The Extreme Sport of Origami

“A physicist’s computer program speeds the creation of stupefyingly complex paper sculptures.”

Jennifer Kahn in Discover Magazine:

WalkingsticksmallIn the dojo of the origami purist, there are only two rules: The folder may use just one sheet of square paper, and the paper cannot be cut or torn in any way. Following these rules to make a figure like a peace crane, with four basic features—a head, a tail, and two wings—is relatively easy, and origamists traditionally proceeded by trial and error, unfolding and refolding a piece of paper until it started to resemble, say, a swan. For hundreds of years, origami’s most complex patterns topped out at 20 steps.

These days patterns requiring more than 100 steps are common. Some of that competitive acceleration is due to Lang, who transformed the art by writing a computer program that can generate the blueprint for ultracomplex origami sculptures. Even with digital assistance, figuring out the sequence of folds that will create a beetle and all its ornaments is a mathematical problem of staggering complexity. Still, the reigning champion of intricate origami is a 23-year-old Japanese savant named Satoshi Kamiya. Unaided by software, he recently produced what is considered the pinnacle of the field, an eight-inch-tall Eastern dragon with eyes, teeth, a curly tongue, sinuous whiskers, a barbed tail, and a thousand overlapping scales. The folding alone took 40 hours, spread out over several months.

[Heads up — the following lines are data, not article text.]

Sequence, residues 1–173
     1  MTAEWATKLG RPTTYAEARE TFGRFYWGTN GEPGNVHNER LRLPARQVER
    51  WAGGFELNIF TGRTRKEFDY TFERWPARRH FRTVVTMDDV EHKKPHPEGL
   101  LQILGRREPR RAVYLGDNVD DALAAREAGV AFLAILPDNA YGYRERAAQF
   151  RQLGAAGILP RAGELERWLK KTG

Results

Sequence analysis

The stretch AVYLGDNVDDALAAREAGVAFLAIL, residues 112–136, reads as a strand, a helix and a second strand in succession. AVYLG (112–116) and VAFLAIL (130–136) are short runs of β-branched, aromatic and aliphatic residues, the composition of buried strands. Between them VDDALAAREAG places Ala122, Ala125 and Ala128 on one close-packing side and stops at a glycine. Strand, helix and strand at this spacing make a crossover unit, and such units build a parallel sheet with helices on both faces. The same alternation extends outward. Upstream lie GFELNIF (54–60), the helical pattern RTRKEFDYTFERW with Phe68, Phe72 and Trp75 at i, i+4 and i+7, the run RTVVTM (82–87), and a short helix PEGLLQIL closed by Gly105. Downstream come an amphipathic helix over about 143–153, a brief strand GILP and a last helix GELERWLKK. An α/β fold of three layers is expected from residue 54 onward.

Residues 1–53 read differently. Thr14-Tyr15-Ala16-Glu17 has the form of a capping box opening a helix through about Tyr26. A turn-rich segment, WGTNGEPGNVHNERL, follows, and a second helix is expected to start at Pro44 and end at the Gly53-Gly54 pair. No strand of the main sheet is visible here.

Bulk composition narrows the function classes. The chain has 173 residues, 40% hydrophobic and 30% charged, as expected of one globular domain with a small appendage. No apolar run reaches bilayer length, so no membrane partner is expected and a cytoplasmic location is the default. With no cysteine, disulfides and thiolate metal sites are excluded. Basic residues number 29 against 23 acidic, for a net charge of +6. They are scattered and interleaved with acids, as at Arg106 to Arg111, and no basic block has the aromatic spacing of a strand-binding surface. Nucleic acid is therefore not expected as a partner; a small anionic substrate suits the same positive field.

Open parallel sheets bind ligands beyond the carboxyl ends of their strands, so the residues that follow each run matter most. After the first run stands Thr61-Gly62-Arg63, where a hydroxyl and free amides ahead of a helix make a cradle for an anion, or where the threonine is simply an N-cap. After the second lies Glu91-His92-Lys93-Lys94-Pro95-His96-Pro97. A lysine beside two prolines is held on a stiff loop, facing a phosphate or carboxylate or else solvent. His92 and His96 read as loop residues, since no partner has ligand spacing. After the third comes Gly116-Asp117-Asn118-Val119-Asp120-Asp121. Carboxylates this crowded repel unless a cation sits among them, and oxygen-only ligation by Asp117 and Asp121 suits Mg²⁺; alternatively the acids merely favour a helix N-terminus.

More here.